On 1 January 2013, yet another Russian anti-bribery law went into effect. Article 13.3 of Federal Law No. 273 ‘On Combating Corruption’ is perhaps, on paper, the strongest anti-bribery law in the world, surpassing certain requirements of the US Foreign Corrupt Practices Act (FCPA) and the UK Bribery Act 2010. Article 13.3 requires companies and other organisations that operate in Russia to develop and implement anti-corruption compliance programs that meet a set of minimum standards, including (i) designating anti-corruption compliance personnel and officers; (ii) establishing clear mechanisms for conducting internal investigations and cooperating with the police; (iii) adopting a corporate code of ethics; (iv) regularly training employees on anti-corruption compliance, business ethics, and conflicts of interest; (v) establishing a system to identify, prevent, and resolve conflicts of interest; (vi) preventing the creation and use of false and altered documents; and (vii) conducting regular risk assessments of the company and the company’s business partners. Companies doing business in Russia that do not have compliance programs that meet these requirements – or companies that do business with Russian third parties that lack compliance programs – may now be in violation of Russian law.
Russia’s new anti-bribery laws are a sign that the country’s leaders are aware of the pervasive culture of corruption and uncertainty that has driven away foreign investment and business; it remains to be seen, however, whether law enforcement officials will actually commit to fairly enforcing these laws. For example, an historical survey of FCPA cases brought by the US government that involved admissions of bribery in Russia, including significant enforcement actions against Daimler, Pfizer, Siemens, and Baker Hughes – cases that resulted in the largest FCPA fines ever – reveal that Russian authorities had not even bothered to conduct simultaneous or subsequent investigations or prosecutions of the same activity. Even more disturbing, in 2012, Russia ranked 133 out of 182 countries on Transparency International’s Corruption Perception Index, the lowest ranking of all the BRICs.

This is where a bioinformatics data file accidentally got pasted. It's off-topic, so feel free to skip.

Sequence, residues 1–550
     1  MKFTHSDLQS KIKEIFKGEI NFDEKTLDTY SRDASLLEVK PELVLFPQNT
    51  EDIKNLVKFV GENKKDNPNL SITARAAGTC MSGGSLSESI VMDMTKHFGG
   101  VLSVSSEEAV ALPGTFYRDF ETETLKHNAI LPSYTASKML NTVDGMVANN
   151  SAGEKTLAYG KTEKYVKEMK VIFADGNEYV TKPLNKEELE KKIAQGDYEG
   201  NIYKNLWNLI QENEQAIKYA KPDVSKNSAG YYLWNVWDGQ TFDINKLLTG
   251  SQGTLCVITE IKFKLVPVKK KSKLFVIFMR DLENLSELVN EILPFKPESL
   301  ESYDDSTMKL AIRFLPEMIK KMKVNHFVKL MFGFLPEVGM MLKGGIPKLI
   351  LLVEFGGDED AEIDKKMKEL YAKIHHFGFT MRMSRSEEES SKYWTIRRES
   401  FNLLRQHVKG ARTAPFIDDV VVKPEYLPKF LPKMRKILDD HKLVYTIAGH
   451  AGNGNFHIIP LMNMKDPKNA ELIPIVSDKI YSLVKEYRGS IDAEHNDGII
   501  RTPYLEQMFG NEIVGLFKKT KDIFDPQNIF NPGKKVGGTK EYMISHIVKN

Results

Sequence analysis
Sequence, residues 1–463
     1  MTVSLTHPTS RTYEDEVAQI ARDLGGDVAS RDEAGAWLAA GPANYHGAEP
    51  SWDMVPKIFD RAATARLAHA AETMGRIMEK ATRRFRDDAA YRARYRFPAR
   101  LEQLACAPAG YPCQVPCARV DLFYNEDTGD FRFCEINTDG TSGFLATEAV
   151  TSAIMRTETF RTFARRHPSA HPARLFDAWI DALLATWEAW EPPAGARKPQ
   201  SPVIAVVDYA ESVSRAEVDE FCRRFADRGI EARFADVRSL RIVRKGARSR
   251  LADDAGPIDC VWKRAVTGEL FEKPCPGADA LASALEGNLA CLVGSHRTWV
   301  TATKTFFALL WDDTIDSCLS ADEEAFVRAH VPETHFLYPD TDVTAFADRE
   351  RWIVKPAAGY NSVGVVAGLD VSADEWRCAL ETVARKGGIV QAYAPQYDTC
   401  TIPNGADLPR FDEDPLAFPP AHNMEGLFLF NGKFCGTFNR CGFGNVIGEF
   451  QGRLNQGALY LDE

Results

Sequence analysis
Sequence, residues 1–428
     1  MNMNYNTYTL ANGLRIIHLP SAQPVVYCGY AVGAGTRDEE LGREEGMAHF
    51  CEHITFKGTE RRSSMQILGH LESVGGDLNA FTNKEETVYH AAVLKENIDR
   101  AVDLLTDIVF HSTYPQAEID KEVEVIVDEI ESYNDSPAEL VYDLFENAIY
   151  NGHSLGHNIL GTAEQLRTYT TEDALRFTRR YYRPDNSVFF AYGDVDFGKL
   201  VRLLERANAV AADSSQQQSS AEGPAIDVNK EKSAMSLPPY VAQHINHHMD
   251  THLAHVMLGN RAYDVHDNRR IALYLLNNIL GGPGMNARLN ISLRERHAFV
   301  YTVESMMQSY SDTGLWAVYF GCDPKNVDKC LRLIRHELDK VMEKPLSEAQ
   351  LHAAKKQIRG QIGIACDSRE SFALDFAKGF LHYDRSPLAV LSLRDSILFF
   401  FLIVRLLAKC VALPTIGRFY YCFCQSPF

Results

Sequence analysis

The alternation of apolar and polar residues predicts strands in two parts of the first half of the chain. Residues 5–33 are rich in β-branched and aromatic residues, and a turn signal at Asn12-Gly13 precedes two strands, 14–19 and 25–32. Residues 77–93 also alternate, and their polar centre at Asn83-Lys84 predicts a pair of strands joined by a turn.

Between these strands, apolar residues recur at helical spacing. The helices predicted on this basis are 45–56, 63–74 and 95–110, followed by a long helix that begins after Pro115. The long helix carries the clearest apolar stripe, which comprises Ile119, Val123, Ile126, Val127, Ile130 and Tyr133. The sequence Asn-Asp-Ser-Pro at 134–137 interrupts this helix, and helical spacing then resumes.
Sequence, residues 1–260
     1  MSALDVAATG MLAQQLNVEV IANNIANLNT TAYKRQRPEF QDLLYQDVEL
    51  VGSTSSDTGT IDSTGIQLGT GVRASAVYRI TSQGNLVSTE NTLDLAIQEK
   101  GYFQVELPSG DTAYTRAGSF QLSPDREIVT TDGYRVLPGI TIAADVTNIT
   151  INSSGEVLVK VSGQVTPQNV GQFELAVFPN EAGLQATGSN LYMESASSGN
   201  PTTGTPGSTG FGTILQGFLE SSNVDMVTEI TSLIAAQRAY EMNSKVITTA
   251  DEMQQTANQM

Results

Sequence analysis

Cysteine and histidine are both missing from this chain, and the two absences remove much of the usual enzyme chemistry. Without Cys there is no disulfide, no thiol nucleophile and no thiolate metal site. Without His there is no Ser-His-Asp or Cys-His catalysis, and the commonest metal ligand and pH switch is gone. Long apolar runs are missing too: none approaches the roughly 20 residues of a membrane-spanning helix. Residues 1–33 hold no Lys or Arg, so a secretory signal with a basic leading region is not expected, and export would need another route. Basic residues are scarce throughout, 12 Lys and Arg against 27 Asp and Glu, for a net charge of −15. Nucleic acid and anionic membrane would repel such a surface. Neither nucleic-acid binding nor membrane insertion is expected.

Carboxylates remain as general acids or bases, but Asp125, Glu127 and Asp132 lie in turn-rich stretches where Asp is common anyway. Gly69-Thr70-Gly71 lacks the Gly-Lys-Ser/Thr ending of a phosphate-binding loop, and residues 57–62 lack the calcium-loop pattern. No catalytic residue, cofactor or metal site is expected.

Regardless of Russia’s enforcement history, companies doing business in Russia should approach anti-bribery compliance with a serious mindset. Corruption pitfalls can potentially affect any interaction with government officials, directly by company employees or indirectly through third parties. Companies conducting business in Russia must have the proper mechanisms in place to prevent violations from occurring (including due diligence of third parties and employee training), to detect violations if and when they occur, and to respond to or remediate violations quickly and efficiently.
The FCPA, UK Bribery Act, and Article 13.3 all reward (or, in the case of Article 13.3, mandate) robust, risk-based compliance programs. In fact, the FCPA Guide (the Guide), which the DOJ and SEC published in November 2012, expressly states that the US government will give “meaningful” credit – including possible declination of prosecution entirely – to companies that have invested time and thought into creating and enforcing an effective and tailored compliance program. The Guide also includes the following 10 hallmarks of effective compliance programs: (i) a strong commitment from senior management and a clearly articulated policy against corruption; (ii) a current and effective code of conduct; (iii) oversight by a member of senior management with sufficient autonomy and resources to be effective; (iv) risk assessment and internal audit procedures; (v) continuing advice and regular training for company employees and third parties; (vi) enforced disciplinary measures and incentives for good behaviour; (vii) comprehensive, risk-based due diligence on third parties and M&A transactions; (viii) mechanisms for confidentially reporting potential violations; (ix) periodic testing and review of the compliance policy; and (x) pre-acquisition due diligence and post-acquisition integration of compliance policies during M&A deals. Not coincidentally, many of the DOJ- and SEC-recommended ‘hallmarks’ overlap with the requirements of Russia’s new Article 13.3.
In light of the new FCPA Guide and Russia’s recent legislative anti-bribery and financial market reforms, companies that choose to heed Moscow’s siren call must take the time to conduct a thorough, risk-based review of their compliance policies, and, if necessary, augment their policies to bring them in line with both US and Russian standards. Regardless of whether Russian law enforcement officials choose to flex their muscles, the DOJ and SEC are committed to FCPA enforcement in Russia and other high-risk jurisdictions. The compliance program best practices described above provide the most effective roadmap to navigate through these waters and to manage any crises that might arise.
Paul E. Pelletier is a member and Aaron M. Tidman is an associate at Mintz Levin. Mr Pelletier can be contacted on +1 (202) 434 7490 or by email: firstname.lastname@example.org. Mr Tidman can be contacted on +1 (202) 434 7392 or by email: email@example.com.
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Paul E. Pelletier and Aaron M. Tidman